Depression really has to affect your functioning. And for the population I work with, which is women, depression, and women we know is about twice as common as it is in men. And that has not changed through the pandemic. That's been the case ever since we've been measuring depression across the lifetime in people worldwide. We think there's about a 10 to 15% incidence of depression. In any one given year for women. That's about 10% from men, about 5%.

Melanie Cole (Host): Wow. You know, this is such a problem. So tell us a little bit about how depression differs, because we're all anxious right now, right? There's sadness. There's grief. There's anxiety. There's all of these different sort of under the umbrella spectrum of these kinds of disorders. So tell us a little bit about how worry and grief and sadness and anxiety all differ from clinical depression?

Dr Lauren Osbourne: Absolutely. So each of those things that you mentioned, worry, grief, sadness, those are feelings that people have, right. And everybody has feelings. You might have a low moment when you find you didn't. Get into the college of your choice or an anxious moment when you're waiting to hear news about something. But if it's a moment and it passes and you can go on with your life, then that hasn't reached the level of a disorder. So really the distinction is what is the degree of functional impairment for the person.

So if you are feeling those feelings overwhelmingly they're lasting for several weeks and you find that you can't go about your regular life. You're not able to engage in work the way you should or get your tasks done for school or take care of your family, whatever it is that you do with your day, if your functioning is impaired, that's when we really have to worry that it's reached the level of a disorder.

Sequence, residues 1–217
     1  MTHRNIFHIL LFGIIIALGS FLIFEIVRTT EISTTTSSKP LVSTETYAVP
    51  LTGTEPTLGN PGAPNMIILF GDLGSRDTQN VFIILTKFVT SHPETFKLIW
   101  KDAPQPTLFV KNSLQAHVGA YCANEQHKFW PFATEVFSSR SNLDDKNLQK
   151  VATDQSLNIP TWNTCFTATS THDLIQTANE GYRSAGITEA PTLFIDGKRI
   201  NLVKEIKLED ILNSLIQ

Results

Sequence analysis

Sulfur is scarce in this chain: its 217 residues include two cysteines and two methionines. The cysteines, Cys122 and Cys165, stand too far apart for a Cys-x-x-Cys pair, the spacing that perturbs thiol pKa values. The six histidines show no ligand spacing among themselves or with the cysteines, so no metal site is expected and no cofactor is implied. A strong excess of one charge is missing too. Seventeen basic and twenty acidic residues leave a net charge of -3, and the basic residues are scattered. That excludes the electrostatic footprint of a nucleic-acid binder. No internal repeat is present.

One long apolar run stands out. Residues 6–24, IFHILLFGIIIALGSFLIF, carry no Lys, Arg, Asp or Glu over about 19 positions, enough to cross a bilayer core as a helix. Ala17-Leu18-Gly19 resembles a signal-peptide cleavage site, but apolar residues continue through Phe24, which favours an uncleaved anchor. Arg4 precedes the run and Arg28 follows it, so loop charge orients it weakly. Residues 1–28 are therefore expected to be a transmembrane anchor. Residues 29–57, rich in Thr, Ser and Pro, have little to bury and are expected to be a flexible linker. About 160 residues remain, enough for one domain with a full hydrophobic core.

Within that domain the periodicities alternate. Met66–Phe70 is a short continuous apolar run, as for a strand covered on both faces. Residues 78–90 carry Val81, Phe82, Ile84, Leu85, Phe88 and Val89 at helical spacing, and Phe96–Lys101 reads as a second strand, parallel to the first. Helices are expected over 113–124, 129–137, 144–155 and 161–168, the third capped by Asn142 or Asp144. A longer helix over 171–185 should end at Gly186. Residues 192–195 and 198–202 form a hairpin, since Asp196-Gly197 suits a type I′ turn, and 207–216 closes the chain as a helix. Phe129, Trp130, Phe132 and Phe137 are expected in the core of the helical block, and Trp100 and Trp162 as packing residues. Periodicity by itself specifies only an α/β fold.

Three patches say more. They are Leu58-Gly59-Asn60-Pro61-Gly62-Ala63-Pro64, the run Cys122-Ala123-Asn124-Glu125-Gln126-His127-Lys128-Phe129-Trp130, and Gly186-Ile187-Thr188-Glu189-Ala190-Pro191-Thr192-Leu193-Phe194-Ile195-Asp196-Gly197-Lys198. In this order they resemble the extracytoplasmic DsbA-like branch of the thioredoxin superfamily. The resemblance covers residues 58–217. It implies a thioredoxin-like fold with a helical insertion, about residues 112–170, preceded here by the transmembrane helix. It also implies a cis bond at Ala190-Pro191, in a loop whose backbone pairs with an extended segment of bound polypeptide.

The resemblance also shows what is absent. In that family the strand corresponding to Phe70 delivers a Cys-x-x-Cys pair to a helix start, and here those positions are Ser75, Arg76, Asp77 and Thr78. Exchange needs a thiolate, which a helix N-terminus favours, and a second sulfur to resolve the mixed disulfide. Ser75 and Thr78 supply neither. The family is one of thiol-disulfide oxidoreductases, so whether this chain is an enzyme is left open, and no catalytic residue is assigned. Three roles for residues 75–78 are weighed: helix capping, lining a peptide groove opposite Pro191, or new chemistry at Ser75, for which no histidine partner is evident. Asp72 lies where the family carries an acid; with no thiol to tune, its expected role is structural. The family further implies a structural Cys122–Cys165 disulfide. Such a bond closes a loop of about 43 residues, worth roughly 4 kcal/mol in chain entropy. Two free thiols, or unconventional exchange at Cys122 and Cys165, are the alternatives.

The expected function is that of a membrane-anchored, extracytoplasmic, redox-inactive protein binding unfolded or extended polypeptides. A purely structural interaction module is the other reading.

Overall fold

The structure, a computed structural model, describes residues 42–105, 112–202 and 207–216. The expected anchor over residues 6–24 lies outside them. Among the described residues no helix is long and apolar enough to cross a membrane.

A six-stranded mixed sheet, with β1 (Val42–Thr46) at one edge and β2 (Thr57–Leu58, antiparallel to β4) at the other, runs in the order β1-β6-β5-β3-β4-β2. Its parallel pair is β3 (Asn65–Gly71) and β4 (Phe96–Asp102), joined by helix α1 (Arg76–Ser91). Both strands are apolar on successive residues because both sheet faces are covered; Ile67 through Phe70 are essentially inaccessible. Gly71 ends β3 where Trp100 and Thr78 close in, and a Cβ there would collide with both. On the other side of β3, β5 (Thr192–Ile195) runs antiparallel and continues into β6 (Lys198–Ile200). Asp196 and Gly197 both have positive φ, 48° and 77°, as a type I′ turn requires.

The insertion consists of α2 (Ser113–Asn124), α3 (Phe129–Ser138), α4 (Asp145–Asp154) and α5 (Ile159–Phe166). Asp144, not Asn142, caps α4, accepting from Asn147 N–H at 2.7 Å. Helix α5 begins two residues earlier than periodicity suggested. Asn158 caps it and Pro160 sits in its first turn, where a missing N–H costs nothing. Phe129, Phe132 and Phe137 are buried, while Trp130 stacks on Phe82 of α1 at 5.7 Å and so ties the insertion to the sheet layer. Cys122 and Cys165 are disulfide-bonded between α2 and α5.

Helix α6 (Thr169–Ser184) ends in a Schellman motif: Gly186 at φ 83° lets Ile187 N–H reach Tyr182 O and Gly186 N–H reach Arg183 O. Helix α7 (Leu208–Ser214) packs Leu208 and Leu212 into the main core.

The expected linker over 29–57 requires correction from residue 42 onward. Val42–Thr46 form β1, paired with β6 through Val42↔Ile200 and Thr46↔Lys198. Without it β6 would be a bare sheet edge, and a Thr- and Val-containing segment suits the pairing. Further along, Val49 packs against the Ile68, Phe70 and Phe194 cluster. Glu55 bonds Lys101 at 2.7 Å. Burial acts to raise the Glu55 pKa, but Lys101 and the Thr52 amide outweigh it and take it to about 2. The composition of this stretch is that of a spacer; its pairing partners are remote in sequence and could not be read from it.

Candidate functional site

Melanie Cole (Host): Well, then along those lines, as we women are trying to do everything, but we're learning more and more that we have to put our own masks on, a little irony there, before we put the masks of our loved ones on. If we don't take care of ourselves and certainly our mental health, we cannot care for everybody else. Do you think that women, we're trying to do too much? We're trying to be superwomen. We're trying to work and raise our kids and maybe we have older parents and we've got siblings. We've got all these things going on that make it so that we have just unbelievable pressures that we're putting sometimes on ourselves and on our own shoulders. Are we doing this to ourselves?

Dr Lauren Osbourne: That's a great question. and I think that there's a combination of answers. I don't think it's fair to say that all people who are stressed or have unusual burdens will develop a clinical disorder like depression, but in people who are vulnerable to that anyway, there's no question that the increase of stress or increase of added burdens can expose something or can trigger an episode in somebody who was vulnerable. And I think we've really seen that with the pandemic where women's roles have been dramatically affected by the pandemic.

When it was reached the point where a lot of, schools closed or workplaces closed, it was women who quit their jobs to stay home with their kids. It was not men. And that added increased stress, removing women from their careers, the increased stress of taking care of their families in a very uncertain time. So there's no question that women have a different and higher burdens, but I also think it's important to remember that it's not just stress and higher burdens that cause things like this, there's a biological component and people have to be vulnerable to developing a mood disorder. For women during the reproductive years, that vulnerability is higher than it is for men.